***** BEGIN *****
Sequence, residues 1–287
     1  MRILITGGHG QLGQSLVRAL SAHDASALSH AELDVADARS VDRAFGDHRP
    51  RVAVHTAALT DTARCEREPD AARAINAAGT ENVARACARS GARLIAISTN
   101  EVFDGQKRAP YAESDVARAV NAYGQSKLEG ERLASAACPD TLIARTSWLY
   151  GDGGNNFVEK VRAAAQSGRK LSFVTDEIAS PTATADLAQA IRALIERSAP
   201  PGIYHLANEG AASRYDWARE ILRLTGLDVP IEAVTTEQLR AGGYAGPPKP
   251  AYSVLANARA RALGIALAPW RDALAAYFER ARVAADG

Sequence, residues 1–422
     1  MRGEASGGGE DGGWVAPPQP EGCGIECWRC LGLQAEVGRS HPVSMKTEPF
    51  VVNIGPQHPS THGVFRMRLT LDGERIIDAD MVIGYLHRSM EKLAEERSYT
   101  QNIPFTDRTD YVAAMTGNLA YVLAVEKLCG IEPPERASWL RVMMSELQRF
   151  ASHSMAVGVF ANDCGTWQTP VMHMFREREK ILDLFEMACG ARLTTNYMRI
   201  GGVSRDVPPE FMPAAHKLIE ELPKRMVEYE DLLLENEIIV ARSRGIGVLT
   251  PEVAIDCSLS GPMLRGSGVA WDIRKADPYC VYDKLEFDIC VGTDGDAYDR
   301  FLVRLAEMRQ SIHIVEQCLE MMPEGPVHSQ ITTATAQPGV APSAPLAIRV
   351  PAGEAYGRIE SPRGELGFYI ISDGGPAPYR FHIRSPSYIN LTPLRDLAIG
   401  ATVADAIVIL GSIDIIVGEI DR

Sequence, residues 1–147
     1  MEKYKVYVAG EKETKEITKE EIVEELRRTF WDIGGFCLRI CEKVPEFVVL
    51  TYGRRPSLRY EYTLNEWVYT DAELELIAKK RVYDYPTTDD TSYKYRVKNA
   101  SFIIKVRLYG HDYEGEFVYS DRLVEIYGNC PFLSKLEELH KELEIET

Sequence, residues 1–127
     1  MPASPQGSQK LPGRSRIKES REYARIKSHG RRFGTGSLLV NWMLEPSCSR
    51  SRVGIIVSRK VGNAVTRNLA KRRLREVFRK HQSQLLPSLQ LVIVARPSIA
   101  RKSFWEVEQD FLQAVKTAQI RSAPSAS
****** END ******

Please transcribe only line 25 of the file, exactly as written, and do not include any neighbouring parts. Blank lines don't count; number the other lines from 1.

   101  RKSFWEVEQD FLQAVKTAQI RSAPSAS